Marty Friedman

En Fuego on Inferno!
Marty Friedman
Marty Friedman
Marty Friedman: Takaaki Henmi.

As he gears up for a co-headlining tour with Ozzy Osbourne guitarist Gus G., Marty Friedman has 13 solo albums of his own material to pick through. He’s going on the road in support of his latest album, Inferno. The album includes guest appearances by Alexi Laiho, Danko Jones, Rodrigo Y Gabriela, and Jason Becker, and offers the most uncompromising music of his career.

Inferno sounds like maximum-strength Friedman… with no artificial additives.
Definitely. A lot of factors go into the kind of record you’re making. As an artist, you try to ignore everything and just make the best album you can. Some of those factors – like record-label recommendations or your manager telling you to be more like this or that – tend to creep in. I’ve been lucky that they haven’t crept in so terribly much in my career, but this time I was like, “F**k everybody!” On this record, I am not listening to anyone, and I’m not doing anything that I’m not completely in love with. For better or worse, it’s really pretty much my bag right there.

When you were in the writing stage, did you know you were going to have guests on the record?
I knew that I wanted to have some cool guests on the record, but I didn’t want it to be the typical thing where a guest comes in and just plays a solo on a song. That has been done to death, and I’ve done it, too. This album was all about breaking those kinds of typical things. I wanted a commitment. I wanted to work on a song together so it really was like we’re in a band together – our band for that one song. I wanted to make something we both have an investment in.

I wrote the songs with the actual guest; a lot of time, it’s their song. I just rearranged it, produced it, and played my guitars on it. It’s like a complete band rather than a guest performance. For me, it was the best decision I ever made. I wanted something deeper, and I got it.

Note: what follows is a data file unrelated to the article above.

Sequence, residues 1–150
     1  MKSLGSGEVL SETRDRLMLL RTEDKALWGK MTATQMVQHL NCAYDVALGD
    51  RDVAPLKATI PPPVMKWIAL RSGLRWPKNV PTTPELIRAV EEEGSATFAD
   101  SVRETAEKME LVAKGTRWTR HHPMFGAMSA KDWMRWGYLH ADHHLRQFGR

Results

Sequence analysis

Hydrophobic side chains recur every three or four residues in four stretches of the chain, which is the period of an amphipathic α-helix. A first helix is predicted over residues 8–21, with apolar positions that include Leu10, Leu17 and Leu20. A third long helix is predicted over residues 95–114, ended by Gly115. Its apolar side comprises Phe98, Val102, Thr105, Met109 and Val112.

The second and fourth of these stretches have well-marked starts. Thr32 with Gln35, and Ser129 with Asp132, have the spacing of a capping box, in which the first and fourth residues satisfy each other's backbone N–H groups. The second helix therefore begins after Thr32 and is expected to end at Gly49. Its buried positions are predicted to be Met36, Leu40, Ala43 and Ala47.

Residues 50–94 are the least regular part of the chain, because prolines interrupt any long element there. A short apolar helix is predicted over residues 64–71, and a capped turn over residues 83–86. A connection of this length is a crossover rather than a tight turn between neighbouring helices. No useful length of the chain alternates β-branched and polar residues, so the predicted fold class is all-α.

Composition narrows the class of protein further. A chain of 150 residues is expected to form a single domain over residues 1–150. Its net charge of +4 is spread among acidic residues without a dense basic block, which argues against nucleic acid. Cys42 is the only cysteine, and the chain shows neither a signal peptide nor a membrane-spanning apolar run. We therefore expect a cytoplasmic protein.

How did you go about getting Rodrigo Y Gabriella to guest?
The idea was to have guests who were influenced by me in some way, and they’ve mentioned my influence several times in the press. I hadn’t met them, but the record company suggested I go see them play in Tokyo. So, I met them and they were absolutely the sweetest people. They were the first to immediately jump on and do the record. I became a fan of theirs that night.

Regardless of how popular a player is or how well they’re doing, there’s something about playing on someone’s album whom you respect as a fan. You get this kind of excitement.

What went into getting Jason Becker?
We’ve been best friends forever. I didn’t know if he was up for doing a collaboration like he and I used to do in [the ’80s speed metal band] Cacophony, but when I saw his movie, Not Dead Yet… there’s a scene where he’s working on a piece of music with his dad. I called him and asked if it was being used for anything. He said, “No, I’m not using it… And I have a bunch of other stuff, too. Let’s make a song.”

It was exactly how we used to write in Cacophony. I’d have the basic outline of an entire song and take a bunch of his ideas and stick them in where I thought they would go nicely. The only difference is he wasn’t able to play the stuff he wrote. I had Ewan Dobson play the role of Jason on the acoustic parts, and he just tore it up. He was mind-boggling in capturing Jason’s spirit. It was like Jason was in the room.

Danko Jones does an awesome job on vocals.
If Danko and I were in the same band, that’s exactly what we would sound like. Inferno has more ripping on it than any of my albums before, but Danko and I in the same band would be the coolest thing. When he got onboard, I was very excited.

I love my playing in a band context. Being a solo artist, you’re in the front all the time. It’s a little bit awkward for a guitarist to be the front man. It takes a lot of ego, and patience from the listener; I can’t really listen to guitar in the front all the time – it sounds so much better after a vocal in a lot of cases. I really wanted to have that vocal stuff to play off of, and a band context for a lot of the record.

This article originally appeared in VG July 2014 issue. All copyrights are by the author and Vintage Guitar magazine. Unauthorized replication or use is strictly prohibited.

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